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Dr. Brian S. Feldman & Dr. Angela De Berardis
Located in West Toronto on Dundas Street 1 1/2 blocks west of Keele.

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416-763-2020
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Home » Eyeglasses & Contacts » Sunglasses » Questions and Answers About Sun Protection

Questions and Answers About Sun Protection

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Dr. Feldman & Dr. De Berardis Answer Your Questions About Sun Protection

 

Q: When can a person do to protect themselves from sun exposure?

Wearing a hat and sunglasses is the best way to protect the face and eyes from sun exposure.

 

Q: What exactly are “ultraviolet rays?”

Ultraviolet (UV) rays are a type of electromagnetic radiation that are responsible for summer tans and sunburns. However, too much exposure to UV radiation is damaging to living tissue. Electromagnetic radiation comes from the sun and is transmitted in waves or particles at different wavelengths and frequencies. This broad range of wavelengths is known as the electromagnetic spectrum The spectrum is generally divided into seven regions in order of decreasing wavelength and increasing energy and frequency. The common designations are radio waves, microwaves, infrared, visible light, ultraviolet, X-rays and gamma-rays. UV light falls in the range of the EM spectrum between visible light and X-rays. UV is generally divided into three sub-bands: UVA, UVB and UVC.

 

Q: How can people protect themselves from the sun’s UV rays?

The eyes and face can be protected from harmful UV rays by wearing sunglasses and a hat and the skin on the body can be protected by the use of sunscreen and protective clothing.

 

Q: Are sunglasses an important part of a sun protection plan?

Sunglasses are an integral part of any sun protection plan. They block the harmful UV rays that can burn the eyes and that contribute to the development of eye diseases such as Age-Related Macular Degeneration and cataracts.

 

Q: What type of sunglasses best protect from UV rays?

Look for sunglasses that protect you from 99 to 100 percent of both UVA and UVB light. This includes those labeled as “UV 400,” which blocks all light rays with wavelengths up to 400 nanometers.

 

Q: I have heard about blue light being a concern as well. Can you talk a little bit about this and what it means for protecting your eyes?

The eyes are sensitive to a narrow band of light frequencies called the visible light spectrum. Blue light has the shortest wavelength of the visible light spectrum, and blue rays with the shortest wavelengths have the most energy. Blue light is generally defined as visible light ranging from 380 to 500 nanometers. Our main source of blue light is sunlight, however, the number of indoor man-made sources of blue light is on the rise. This includes fluorescent lighting, LED lighting, and display screens such as smartphones, tablets, computers, and flat screen TVs. With changes to the way we light our homes and offices, as well as the increased use of direct illumination for reading, exposure to blue light is increasing. Despite the fact that the eye is good at blocking UV rays from reaching the retina, the eye is not very good at blocking blue light. Virtually all visible blue light passes through the cornea and lens and reaches the retina. The effect of this exposure is cumulative, and the total number of exposure hours is what matters. A child’s crystalline lens is more transparent to short wavelengths – such as blue light – than that of an adult, making children more sensitive to blue light effects than adults. Exposure to blue light may contribute to the following: Age-Related Macular Degeneration, cataracts, eyestrain and sleep issues. Blue light blocking lenses are now available to protect the eyes from the harmful effects of blue light.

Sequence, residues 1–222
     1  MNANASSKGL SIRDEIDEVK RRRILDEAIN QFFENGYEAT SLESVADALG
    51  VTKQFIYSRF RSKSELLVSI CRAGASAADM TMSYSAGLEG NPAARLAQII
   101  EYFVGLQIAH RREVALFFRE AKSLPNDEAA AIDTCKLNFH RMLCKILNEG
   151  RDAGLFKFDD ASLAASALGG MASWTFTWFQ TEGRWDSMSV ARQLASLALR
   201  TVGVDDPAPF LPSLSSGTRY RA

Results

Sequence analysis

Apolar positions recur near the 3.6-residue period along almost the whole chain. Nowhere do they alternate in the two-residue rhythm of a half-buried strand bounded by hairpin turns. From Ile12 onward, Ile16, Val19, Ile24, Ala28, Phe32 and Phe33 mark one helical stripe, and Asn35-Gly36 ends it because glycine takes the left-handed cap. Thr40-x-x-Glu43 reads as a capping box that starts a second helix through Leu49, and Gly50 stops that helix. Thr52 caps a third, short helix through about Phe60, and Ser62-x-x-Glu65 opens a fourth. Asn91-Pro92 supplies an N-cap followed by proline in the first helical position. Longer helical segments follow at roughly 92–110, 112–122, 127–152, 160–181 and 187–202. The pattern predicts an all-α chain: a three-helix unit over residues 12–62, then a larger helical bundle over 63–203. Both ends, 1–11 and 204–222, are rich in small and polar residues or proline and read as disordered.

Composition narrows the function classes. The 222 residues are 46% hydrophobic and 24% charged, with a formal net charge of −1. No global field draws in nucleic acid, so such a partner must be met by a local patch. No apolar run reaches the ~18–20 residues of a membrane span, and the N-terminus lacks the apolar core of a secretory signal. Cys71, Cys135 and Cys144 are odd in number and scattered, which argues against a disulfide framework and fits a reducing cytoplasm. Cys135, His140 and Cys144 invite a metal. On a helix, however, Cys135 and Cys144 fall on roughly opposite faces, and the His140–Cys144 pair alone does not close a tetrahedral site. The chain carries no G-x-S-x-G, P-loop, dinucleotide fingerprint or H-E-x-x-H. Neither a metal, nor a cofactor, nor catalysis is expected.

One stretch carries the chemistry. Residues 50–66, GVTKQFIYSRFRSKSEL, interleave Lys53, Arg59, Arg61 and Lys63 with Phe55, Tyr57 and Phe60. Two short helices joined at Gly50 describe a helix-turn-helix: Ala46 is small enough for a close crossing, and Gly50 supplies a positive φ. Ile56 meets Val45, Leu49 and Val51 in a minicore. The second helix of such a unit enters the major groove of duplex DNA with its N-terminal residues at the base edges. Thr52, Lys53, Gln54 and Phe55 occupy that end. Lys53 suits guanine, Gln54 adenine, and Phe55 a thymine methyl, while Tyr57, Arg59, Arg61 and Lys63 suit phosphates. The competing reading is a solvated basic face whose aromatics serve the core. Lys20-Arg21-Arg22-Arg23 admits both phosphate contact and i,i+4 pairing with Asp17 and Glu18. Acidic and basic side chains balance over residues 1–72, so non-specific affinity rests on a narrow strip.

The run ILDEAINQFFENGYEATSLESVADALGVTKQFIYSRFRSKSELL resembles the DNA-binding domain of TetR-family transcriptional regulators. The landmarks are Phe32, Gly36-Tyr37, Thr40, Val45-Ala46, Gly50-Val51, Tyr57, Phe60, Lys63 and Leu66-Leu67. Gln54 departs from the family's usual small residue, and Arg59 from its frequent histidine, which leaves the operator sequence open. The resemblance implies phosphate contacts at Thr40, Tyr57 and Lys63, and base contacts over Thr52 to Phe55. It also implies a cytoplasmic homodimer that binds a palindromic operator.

Q: I’ve heard of getting my skin sunburned, but can your eyes also get sunburned?

Eye sunburns, also known as photokeratitis, are actually a thing — and they can happen if you stare at the sun. Photokeratitis is basically like having a sunburn on the front part of your eye. Photokeratitis causes redness, blurry vision, sensitivity to bright light, and in rare cases, even temporary vision loss. The longer your eyes are exposed to UV rays, the more severe the symptoms can be. Just like having a sunburn on the skin can be painful and uncomfortable, photokeratitis can be a painful eye condition. You don’t have to be staring directly at the sun to risk burning your eyes. Photokeratitis can also be caused by reflections from the sun, like when it hits water or snow.

 

Q: Do darker sunglasses mean better sun protection?

One of the biggest misconceptions is that people think their eyes are protected by wearing very dark sunglasses. Nothing can be further from the truth. The tint of the lens has absolutely nothing to do with the amount of ultraviolet protection the lens provides. However, most people prefer darker tinted lenses to decrease the intensity of the sun on very bright days.

 

Q: Does having a prescription make it harder to get the right sunglasses?

No, prescription sunglasses can be made with a variety of tint colours and darkness, as well as full UV protection.

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